Paris to Amsterdam

It was mid September in France and I was looking forward to making the most of the remaining warm weather. I spent much longer than expected in Paris due to having my bicycle stolen so I was very keen to hit the road. The plan was to take a couple of weeks and ride to Amsterdam where I would stay with a friend for a few days and take in the city.

Being back on the bike and leaving Paris behind was a fantastic feeling. The troubles of the last few weeks were behind me, the weather was perfect and I loved being on the road again. It wasn’t long before the paved paths quickly gave way to dirt tracks that followed winding canals through the countryside. Once again I was back in the wide world with nothing to do but ride.

As chance would have it I was riding through wine country just as the vineyard harvest season was starting. Row after row of vines were bulging with grapes ready for the picking, nothing beats fresh food while on the move. There were people camping around the vineyards and a few of the towns had festivals in full swing. I spent a couple of afternoons wandering around different festivals, trying food and soaking in the atmosphere. Everyone seemed in high spirits and out to have a good time.

Ripe for the picking

The riding was a real mixed bag for the first week, one moment I would be cruising along a beautiful path and then it would quickly become a mud bath through a forest. Some of the days were pretty difficult but I was always smiling at the end of the day. After the first week everything changed for the better, it was a perfect bike path following rivers that wound their way through the mountains towards Belgium. My last stop in France was near the town of Givet where I met Frank and David.

David, in the background you can see the old military ground where he trained years ago

Frank setting off for another day on the water on his way to Spain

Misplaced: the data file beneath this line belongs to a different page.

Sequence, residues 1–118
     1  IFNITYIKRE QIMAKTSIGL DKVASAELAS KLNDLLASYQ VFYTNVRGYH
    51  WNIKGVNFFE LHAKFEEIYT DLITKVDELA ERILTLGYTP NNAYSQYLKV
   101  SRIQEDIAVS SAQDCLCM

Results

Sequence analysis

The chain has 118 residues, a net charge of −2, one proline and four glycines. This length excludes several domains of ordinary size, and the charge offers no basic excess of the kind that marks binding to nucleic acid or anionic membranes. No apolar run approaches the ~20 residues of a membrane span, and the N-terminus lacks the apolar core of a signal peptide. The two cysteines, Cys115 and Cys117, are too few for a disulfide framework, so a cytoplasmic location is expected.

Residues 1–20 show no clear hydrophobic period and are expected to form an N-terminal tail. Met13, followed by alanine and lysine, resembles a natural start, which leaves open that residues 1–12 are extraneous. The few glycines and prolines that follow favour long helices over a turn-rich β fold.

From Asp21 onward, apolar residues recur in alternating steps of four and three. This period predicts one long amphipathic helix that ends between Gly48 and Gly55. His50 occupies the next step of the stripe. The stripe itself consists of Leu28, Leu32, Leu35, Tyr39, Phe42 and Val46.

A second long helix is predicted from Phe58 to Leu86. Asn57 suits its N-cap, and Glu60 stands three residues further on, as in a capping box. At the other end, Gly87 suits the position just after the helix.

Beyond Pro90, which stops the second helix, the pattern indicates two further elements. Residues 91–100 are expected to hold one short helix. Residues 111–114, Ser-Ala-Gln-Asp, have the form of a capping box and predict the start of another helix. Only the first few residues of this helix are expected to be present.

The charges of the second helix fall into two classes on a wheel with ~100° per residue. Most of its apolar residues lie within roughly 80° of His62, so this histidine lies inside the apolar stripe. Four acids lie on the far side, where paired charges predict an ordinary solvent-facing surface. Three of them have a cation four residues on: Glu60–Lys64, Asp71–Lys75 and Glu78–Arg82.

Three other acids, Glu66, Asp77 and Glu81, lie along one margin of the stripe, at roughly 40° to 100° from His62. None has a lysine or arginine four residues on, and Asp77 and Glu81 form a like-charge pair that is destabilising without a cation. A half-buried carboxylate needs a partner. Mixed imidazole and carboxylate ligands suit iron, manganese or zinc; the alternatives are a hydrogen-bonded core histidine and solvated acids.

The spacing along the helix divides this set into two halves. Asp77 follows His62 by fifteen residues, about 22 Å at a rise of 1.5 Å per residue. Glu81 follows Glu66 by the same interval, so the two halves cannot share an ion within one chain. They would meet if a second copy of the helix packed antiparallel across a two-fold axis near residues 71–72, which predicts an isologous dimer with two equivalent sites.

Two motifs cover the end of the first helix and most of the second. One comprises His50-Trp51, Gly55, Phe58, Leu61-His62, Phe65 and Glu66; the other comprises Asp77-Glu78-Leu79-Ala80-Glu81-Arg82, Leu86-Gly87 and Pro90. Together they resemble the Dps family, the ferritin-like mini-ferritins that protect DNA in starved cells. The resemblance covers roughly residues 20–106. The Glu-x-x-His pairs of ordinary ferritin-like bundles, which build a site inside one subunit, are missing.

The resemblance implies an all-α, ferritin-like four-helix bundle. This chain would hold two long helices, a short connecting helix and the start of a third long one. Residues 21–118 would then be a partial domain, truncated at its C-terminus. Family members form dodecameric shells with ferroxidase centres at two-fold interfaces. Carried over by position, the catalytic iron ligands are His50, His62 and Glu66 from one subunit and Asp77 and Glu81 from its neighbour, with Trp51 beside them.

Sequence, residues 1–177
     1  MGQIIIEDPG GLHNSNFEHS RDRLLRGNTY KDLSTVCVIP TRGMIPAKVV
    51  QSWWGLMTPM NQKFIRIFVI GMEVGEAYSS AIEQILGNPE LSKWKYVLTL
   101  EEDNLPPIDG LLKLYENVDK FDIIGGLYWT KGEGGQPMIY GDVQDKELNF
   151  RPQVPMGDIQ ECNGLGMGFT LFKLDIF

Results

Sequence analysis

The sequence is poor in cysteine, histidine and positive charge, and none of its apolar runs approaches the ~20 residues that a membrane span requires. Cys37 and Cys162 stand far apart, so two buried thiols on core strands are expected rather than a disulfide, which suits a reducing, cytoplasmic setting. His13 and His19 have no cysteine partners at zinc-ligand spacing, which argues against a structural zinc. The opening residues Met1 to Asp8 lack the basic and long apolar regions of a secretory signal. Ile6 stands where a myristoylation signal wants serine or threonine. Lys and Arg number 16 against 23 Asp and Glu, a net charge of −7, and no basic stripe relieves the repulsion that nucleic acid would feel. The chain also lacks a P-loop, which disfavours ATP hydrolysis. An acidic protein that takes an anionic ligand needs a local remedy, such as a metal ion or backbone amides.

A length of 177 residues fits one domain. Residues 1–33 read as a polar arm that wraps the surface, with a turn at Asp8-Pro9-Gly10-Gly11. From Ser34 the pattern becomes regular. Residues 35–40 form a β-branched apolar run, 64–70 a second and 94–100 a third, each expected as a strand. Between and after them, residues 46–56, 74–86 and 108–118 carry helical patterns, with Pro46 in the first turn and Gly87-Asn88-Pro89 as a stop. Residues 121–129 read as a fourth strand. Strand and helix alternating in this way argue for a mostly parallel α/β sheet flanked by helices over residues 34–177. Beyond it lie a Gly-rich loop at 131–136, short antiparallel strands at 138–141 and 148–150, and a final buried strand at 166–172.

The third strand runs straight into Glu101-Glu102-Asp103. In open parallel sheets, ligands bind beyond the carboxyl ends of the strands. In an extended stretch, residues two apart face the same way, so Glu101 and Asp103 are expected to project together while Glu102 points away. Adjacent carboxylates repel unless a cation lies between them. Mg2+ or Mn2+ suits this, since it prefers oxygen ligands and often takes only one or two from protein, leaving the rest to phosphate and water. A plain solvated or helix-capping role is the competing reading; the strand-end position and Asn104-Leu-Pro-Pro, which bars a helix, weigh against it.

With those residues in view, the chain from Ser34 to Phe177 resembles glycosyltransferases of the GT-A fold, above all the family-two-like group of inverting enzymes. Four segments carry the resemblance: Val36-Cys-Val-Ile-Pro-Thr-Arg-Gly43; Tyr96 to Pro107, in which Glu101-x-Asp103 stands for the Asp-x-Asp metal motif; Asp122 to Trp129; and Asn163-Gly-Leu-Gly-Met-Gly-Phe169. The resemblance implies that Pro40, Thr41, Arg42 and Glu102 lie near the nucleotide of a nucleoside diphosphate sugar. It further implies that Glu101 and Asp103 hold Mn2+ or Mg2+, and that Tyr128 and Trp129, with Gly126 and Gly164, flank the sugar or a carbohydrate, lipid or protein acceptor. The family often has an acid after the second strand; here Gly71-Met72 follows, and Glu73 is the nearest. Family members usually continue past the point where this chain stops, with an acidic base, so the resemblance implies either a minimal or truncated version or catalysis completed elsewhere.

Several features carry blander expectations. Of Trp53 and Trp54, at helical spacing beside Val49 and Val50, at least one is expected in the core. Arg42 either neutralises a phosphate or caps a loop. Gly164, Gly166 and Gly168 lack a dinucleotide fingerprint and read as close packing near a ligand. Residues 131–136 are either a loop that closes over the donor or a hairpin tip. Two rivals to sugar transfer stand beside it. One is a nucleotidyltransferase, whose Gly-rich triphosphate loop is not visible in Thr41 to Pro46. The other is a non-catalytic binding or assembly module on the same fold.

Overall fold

David was from France and travelling on his motorbike to Belgium for a bike festival. It sounded like it was going to be quite the party when he arrived. The campsite we were staying at was across the river from an old military training ground that was now closed. It turned out that David had trained there some 25 years ago. He told us a few stories of climbing nearby mountains with grappling hooks as part of the training, tough guy.

Frank, a Norwegian, was on an epic journey of his own. He was kayaking all the way from Norway to Spain and hoping to finish in Santiago de Compostela. Parts of the journey would be along the coast but a lot of it was following the canals. It sounded like a rough way to travel but he seemed to be enjoying himself. It was even more impressive seeing as he was retired and in his 60’s.

The next day I left France and rode into Belgium. In the morning I saw a guy with his loaded bicycle having something to eat so I stopped to have a chat. It turns out he was on his last day of a 2 month ride from Holland to France and back. We spent the day chatting as we rode, his bike was very beat up so we walked in places where he couldn’t ride. We said our goodbyes in Dinant not long after lunch.

Dinant, Belgium. Home of the saxophone.

Riding through Belgium was wonderful, it was nice and flat, great bike paths and quiet countryside scenery. I stopping in Hoegaarden for a couple of nights and visited the brewery there and ate way too much good food. It only took a couple of days riding before I was through Belgium and into The Netherlands.

I was pleased to see a good number of windmills through Belgium and Holland.

At one point I was riding through a small town and a guy on a scooter pulls up beside me to ask a few questions about my trip. After a brief chat he invites me to his place for a coffee, I was only too happy to accept. A quick ride later we arrive at his house where I met his, surprised looking, wife and two children. We had a good chat about travel and bikes and before leaving Patrick suggested a scenic route to take to Amsterdam.

Sometimes it's hard to keep your eyes on the path ahead, good thing I wasn't in a hurry.

I rode with Raf for several hours after entering Belgium.

Following Patrick’s instructions I found a great little campsite by the canal which had a few farm animals wandering around. As was the case a few times along this trip I was the only person at the campsite while I was there. The next morning I arrived in Amsterdam and after 15 days of riding through France, Belgium and The Netherlands I was greeted by a goat on a log.

I think I’m going to like this place…

It's a goat... on a log